Hello again you beautiful people. My goodness it has been a while. I do still exist and all is well on my side of the screen; my apologies for being absent from this blog for a year. I became full time at Danny's Dream and also completed the final stage of training as a Local Preacher, so I am now fully accredited. As you can imagine, I have not had a huge amount of time on my hands.
I have thus not been able to do much writing or blogging, though I have been reading a lot. In other news, I am now on Twitter as @LizJackface. Not much else has changed for me, though I know some of my fellow bloggers have had a much more eventful year.
What I wanted to talk about today is poetry. It is one of those things that is like Marmite; most people either love it or hate it. Many of us were force fed the stuff at school (poetry, not Marmite) and were expected to dissect it in a similar fashion to biology lessons with frogs and pigs eyes. It is understandable why this experience left many people detesting poetry.
Other people just don't like poetry. This is fair enough.
I would like to talk about my experiences with poetry and why I feel it can be a highly therapeutic, expressive and releasing art form to engage in, both as a producer and a consumer.
I first came across poetry from children's poetry collection books that were bought for me. One of the first favourite poems that I remember was called 'The Friendly Cinnamon Bun' by Russell Hoban. What I liked about this poem was the description and personification of the bun - I found myself both hungry and charmed by this character. The words make you lick your lips and imagine sinking your teeth into the sticky icing. I also felt a little for the friendly bun, and felt a weird sense of betrayal when he gets eaten by the protagonist. It was a short, simple story told beautifully by concise, well thought out words. I have always been a slow and impatient reader, you see. I resent wading through a load of words unless they really mean something. In that respect, poetry hit the spot.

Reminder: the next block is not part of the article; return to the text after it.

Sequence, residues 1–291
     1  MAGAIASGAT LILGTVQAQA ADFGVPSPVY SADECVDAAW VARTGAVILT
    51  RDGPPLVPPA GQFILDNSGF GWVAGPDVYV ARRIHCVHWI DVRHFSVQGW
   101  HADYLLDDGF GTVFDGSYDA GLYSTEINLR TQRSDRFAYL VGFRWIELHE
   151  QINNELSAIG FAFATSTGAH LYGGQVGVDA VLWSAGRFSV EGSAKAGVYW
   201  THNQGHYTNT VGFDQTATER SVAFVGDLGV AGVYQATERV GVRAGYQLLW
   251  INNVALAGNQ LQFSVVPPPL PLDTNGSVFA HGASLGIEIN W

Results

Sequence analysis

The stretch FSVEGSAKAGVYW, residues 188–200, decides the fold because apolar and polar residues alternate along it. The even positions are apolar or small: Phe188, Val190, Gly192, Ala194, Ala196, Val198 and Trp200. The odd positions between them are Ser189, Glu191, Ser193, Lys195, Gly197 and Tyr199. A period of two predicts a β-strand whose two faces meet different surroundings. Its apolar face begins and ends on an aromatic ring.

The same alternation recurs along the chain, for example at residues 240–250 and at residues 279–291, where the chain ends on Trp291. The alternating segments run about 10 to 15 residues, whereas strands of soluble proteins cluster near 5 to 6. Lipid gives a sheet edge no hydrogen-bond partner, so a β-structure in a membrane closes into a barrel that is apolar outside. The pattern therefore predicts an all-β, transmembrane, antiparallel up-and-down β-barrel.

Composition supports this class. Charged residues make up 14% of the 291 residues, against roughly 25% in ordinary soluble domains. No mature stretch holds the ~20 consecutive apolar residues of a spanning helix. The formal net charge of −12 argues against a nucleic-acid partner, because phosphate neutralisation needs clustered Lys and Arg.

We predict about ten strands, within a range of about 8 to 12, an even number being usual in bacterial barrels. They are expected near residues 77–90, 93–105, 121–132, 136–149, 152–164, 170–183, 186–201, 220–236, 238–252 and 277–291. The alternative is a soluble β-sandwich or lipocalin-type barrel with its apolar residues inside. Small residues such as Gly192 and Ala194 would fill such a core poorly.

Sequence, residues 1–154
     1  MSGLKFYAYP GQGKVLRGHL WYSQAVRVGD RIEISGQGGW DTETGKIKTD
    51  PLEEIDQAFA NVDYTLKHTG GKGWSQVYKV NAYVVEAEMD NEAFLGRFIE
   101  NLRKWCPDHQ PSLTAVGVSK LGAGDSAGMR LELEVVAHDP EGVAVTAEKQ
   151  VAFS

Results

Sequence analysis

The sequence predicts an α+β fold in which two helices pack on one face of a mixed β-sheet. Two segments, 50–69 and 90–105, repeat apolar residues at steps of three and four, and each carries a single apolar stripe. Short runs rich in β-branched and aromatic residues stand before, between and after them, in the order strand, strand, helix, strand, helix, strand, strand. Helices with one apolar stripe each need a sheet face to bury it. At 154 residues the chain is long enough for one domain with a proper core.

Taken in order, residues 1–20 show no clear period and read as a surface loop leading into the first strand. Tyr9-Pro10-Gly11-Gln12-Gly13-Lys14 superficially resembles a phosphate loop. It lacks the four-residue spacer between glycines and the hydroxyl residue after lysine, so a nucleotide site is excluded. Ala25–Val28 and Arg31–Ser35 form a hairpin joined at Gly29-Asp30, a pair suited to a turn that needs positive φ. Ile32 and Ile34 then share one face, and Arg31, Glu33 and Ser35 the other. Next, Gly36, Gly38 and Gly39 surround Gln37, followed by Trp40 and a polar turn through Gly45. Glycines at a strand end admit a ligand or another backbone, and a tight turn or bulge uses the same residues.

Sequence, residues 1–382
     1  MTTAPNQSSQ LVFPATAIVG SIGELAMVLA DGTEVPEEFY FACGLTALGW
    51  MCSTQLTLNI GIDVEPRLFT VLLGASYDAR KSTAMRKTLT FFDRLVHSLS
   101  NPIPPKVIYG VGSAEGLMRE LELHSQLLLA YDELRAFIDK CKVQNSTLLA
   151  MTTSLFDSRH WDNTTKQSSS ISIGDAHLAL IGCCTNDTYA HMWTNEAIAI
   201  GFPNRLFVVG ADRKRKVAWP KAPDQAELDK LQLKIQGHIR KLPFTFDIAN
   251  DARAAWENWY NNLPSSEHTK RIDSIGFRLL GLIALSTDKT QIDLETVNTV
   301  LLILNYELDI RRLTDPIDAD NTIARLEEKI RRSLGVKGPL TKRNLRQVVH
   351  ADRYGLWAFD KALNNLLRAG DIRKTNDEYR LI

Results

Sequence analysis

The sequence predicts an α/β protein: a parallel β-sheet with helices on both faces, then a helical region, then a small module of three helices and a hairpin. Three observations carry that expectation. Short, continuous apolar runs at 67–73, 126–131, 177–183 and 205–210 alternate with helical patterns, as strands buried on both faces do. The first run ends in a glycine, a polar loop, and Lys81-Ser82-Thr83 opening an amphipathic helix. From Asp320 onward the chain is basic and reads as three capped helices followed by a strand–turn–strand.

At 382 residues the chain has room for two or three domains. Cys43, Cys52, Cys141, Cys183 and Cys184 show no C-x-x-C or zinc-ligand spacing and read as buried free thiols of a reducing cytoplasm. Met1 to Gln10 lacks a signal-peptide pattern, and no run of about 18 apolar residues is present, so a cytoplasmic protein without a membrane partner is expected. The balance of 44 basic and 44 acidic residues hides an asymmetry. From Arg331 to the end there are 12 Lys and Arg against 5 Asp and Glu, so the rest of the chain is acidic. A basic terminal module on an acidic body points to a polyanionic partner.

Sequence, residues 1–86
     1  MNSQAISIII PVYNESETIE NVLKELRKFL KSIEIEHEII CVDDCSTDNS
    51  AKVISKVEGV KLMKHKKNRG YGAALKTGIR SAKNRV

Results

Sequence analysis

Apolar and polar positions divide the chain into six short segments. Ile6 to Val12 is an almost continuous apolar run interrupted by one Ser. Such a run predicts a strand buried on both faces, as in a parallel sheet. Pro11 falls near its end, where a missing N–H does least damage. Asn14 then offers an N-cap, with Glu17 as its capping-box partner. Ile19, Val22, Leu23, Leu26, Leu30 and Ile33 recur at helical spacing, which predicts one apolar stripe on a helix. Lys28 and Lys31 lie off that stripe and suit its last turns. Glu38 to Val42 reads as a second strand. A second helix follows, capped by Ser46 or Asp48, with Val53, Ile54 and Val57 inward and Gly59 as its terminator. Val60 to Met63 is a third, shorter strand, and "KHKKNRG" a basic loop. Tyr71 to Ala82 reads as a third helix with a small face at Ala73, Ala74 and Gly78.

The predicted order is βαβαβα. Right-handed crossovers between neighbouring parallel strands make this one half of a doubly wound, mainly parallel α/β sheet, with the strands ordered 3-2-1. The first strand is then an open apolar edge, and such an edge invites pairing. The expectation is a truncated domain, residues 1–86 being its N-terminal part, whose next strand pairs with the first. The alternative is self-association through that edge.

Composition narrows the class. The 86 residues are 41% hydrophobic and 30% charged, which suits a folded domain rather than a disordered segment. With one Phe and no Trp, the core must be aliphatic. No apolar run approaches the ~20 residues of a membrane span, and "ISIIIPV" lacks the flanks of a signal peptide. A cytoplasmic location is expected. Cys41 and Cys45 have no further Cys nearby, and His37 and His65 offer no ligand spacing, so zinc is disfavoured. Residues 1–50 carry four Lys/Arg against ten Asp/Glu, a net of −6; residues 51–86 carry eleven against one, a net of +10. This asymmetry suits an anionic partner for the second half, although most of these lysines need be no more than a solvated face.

Another poem I remember from primary school was 'Chocolate Cake' by Michel Rosen. This poem was written to be performed. One of our teachers, Mr Brown, did a fantastic performance of it with all the voices and actions and tension, and he used to perform it in assemblies. It was everyone's favourite and we often requested it. By the time I left primary school I could almost recite every word. Again, one of the things I loved about the poem was the vivid description of the yummy cake (I did like my food...) and the way the story was told so imaginatively. Here is a link to Michel Rosen himself performing the piece.
I used this poem recently in a service for my children's address during lent - it makes a great analogy for temptation.
I remember a writing exercise in primary school where we had to personify the wind; we had to choose a 'character' for the wind and write about it as though it were that character. This exercise was so much fun to do. I already loved creating characters and descriptive writing and I had so much fun writing about the wind as this mischievous character.
I could tell you my life story in the context of poetry. I realise I'm beginning to go down that line. Needless to say, poetry has always been very important to me. As I became more inquisitive and interested in philosophy, I began to write this into a kind of expressive poetry.
I discovered along the way that the beauty of poetry is that it isn't all about rhymes. It's about how you feel. It's about the patterns of words you can't express in prose, sensibly or formally. I think poetry was really unlocked for me when I started to use it as an expressive tool - when I began to pour my inner feelings into it. I won two competitions as a kid, one of which was published in one of those awful anthologies that only family members ever saw.
What made these poems so special and so powerful was that I wrote about the feelings I couldn't talk about normally. It became therapeutic, an outlet for the things I couldn't say.
I've never been one to go by the rules in poetry. This has perhaps stunted my competition career, but quite frankly I don't care. I don't write poetry for other people anymore. At the most, it helps me to convey to others how I feel. I recently (in the last few years) entered a poem to Writers' Forum magazine and asked for a critique as well. Of course, I did not win, and the feedback would have been useful. But I decided there and then that that was the last poem I would likely enter. My feelings aren't there to be marked.
So, when the minister of our church announced a poetry competition he was running for the local community, I was both excited and terrified. I was excited and wanted to be involved in some way, but nervous because of my decision about competitions. I was relieved when he asked me to be a judge, as a Creative Writing graduate, because I can still be involved and part of this exciting venture.
I'm very excited to see the entries we get. My perspective as a judge will not be based in structure and form but in language and expression. The competition is for those in the Newland area in Hull and closes July 31st 2014. I will let you know how it all goes.
What are your thoughts and views on poetry? Do you like it or loathe it?
What were your first encounters with poetry like?
Thanks for reading. It's good to be back.